and shrubs. It also sells fertilizer and potting soil. Design a coding scheme for your
nursery.
Grading depends upon the instructor’s judgment about the quality of the coding scheme.
The coding scheme should be either a group or block coding. In addition, the student’s
solutions should provide sufficient detail in order to determine whether the solution
represents a group or block coding scheme.
An example block code is as follows (under each major heading the student would list the
specific products offered for sale, such as 701 – Fuji apple tree). Four digits instead of
three would allow the nursery to list more products for sale.
100
200
300
400
500
600
700
Flowers - Annual
Flowers – Perennial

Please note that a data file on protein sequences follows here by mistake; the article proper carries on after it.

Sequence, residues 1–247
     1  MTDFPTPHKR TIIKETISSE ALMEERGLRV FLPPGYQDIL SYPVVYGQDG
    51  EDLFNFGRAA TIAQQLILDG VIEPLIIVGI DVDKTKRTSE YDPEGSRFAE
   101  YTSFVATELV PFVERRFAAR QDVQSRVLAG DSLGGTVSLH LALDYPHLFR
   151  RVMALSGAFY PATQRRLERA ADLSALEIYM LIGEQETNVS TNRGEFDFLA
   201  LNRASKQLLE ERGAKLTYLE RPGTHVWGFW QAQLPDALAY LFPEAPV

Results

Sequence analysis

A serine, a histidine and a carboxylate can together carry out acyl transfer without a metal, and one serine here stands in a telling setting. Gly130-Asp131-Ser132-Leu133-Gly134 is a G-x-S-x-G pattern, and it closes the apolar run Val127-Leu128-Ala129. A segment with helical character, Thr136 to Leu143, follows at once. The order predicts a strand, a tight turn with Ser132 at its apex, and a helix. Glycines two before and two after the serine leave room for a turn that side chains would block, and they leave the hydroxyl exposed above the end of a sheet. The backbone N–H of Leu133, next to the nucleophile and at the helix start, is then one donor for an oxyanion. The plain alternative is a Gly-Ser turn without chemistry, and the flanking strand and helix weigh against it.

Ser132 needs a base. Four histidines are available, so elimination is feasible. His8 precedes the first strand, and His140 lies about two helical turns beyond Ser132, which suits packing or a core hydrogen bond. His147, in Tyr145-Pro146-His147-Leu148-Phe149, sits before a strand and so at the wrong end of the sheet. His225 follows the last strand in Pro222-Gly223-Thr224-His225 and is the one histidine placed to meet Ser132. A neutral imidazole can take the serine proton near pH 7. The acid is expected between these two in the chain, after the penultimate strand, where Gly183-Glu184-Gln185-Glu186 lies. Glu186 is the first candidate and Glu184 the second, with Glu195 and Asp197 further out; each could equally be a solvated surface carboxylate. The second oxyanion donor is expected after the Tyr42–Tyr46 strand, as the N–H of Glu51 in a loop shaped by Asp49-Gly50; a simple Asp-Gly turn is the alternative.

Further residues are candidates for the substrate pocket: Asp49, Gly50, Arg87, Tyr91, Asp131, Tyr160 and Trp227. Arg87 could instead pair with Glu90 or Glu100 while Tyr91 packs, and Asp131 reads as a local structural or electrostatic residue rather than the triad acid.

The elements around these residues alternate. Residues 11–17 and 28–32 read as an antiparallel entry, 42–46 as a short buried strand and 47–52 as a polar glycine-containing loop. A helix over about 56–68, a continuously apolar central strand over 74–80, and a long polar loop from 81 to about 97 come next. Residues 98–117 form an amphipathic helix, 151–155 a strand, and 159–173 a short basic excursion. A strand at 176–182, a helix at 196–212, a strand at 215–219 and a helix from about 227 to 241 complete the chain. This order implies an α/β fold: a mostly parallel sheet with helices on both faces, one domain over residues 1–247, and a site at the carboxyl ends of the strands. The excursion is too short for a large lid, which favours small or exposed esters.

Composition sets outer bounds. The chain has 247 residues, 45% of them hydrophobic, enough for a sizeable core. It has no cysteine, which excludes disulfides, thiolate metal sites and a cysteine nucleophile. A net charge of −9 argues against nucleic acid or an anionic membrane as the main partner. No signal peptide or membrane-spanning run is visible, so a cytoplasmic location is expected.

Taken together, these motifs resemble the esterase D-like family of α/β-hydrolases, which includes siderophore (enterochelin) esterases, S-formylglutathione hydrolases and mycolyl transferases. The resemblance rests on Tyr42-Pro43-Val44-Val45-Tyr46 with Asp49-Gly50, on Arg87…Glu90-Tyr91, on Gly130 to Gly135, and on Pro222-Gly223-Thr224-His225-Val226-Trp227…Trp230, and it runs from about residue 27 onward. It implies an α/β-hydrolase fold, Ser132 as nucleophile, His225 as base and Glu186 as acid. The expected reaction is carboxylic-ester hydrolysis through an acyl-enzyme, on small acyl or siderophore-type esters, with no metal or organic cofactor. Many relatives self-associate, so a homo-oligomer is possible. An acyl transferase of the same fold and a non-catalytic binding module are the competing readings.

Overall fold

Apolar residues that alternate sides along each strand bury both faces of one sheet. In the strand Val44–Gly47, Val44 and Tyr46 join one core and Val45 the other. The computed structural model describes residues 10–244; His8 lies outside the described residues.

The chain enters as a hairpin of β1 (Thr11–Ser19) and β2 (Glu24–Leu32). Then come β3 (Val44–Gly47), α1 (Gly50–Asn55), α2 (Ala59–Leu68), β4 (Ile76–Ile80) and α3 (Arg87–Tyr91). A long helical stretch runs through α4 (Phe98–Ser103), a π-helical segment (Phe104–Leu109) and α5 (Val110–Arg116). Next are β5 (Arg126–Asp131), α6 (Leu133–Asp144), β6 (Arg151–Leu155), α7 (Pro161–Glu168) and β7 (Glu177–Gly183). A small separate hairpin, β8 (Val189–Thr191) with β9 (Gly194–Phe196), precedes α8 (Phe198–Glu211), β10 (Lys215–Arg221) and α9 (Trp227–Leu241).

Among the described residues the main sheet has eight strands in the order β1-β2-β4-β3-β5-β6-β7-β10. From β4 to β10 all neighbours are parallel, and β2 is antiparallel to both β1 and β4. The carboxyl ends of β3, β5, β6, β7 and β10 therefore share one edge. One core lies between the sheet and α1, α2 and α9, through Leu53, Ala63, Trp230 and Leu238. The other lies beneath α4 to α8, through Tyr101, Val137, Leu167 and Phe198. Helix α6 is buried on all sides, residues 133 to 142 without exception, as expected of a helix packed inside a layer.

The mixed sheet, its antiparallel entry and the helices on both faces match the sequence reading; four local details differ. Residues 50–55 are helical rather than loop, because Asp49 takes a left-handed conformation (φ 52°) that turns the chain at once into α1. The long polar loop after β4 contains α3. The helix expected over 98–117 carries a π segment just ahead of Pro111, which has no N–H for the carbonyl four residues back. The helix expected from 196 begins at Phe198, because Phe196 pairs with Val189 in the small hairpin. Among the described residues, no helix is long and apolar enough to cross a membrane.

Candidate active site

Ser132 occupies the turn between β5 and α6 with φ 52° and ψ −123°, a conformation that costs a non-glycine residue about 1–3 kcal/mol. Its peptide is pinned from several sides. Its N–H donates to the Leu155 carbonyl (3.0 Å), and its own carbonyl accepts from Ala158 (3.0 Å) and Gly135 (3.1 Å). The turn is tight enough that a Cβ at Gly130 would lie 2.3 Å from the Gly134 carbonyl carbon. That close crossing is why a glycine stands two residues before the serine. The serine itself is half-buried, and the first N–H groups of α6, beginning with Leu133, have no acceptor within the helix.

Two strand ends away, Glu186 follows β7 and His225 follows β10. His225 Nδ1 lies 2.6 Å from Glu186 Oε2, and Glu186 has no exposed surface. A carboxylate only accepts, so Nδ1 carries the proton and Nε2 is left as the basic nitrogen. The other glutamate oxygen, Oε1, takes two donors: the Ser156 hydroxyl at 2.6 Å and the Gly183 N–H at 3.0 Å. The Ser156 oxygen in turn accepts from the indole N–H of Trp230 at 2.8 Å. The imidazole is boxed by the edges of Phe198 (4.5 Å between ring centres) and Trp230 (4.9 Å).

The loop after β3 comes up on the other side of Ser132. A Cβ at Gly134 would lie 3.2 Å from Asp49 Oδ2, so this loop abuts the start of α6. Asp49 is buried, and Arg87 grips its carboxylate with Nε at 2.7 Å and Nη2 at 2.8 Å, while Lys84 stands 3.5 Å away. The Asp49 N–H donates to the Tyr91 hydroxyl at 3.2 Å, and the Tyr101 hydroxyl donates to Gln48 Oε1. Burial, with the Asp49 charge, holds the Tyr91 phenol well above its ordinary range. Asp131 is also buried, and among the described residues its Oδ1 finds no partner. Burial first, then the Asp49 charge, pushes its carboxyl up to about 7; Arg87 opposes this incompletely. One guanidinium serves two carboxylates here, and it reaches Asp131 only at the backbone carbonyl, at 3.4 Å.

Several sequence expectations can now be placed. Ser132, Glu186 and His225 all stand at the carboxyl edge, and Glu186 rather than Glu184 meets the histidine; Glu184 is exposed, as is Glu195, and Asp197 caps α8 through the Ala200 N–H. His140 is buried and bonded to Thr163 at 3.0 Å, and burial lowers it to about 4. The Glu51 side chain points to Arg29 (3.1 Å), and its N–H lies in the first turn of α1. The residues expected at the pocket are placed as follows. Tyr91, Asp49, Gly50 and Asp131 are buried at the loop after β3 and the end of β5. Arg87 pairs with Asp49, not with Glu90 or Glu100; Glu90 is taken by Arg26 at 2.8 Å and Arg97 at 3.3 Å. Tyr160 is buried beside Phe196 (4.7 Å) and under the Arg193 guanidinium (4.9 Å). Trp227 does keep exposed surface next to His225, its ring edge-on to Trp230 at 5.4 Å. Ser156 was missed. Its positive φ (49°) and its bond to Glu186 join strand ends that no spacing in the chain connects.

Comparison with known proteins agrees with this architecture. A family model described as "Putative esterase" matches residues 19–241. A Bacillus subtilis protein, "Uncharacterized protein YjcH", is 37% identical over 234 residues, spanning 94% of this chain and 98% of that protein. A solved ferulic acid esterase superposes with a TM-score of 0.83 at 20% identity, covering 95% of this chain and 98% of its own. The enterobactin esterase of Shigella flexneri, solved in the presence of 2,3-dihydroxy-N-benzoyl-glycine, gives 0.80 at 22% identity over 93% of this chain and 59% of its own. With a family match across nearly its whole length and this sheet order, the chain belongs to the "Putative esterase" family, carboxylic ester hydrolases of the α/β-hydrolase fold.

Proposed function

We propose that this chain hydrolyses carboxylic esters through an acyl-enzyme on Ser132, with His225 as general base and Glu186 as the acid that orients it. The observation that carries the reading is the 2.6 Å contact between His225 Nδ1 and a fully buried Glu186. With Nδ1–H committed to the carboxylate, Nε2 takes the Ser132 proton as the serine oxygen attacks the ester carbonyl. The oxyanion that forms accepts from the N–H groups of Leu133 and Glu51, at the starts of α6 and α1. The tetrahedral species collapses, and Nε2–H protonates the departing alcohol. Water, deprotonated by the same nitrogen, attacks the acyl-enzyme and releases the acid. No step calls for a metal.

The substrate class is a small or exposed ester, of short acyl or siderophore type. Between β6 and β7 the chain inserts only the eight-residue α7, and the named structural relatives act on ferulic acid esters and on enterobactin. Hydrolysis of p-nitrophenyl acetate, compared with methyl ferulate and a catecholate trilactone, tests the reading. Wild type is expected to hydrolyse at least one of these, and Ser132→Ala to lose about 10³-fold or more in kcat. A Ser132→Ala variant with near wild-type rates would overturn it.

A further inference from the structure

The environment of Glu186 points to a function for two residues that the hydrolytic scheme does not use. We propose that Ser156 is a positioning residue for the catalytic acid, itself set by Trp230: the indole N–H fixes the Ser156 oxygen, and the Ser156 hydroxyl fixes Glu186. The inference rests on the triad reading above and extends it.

Vegetables
Fruits
Shrubs
Trees- Flowering
Trees – Fruit and Nut
If the nursery had four locations, a group code could be used with the first digit indicating
the location (2 location digits would allow for more growth). Other digits could be added
to the group code to indicate other ways of identifying products.
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Accounting Information Systems
2.5 Match the following terms with their definitions
TERM
DEFINITION
_10_ a. data processing
1. Contains summary-level data for every asset, liability,
equity, revenue, and expense account
_23_ b. source documents
2. Items are numbered consecutively to account for all items;
missing items cause a gap in the numerical sequence
_7_ c. turnaround
documents
3. Path of a transaction through a data processing system from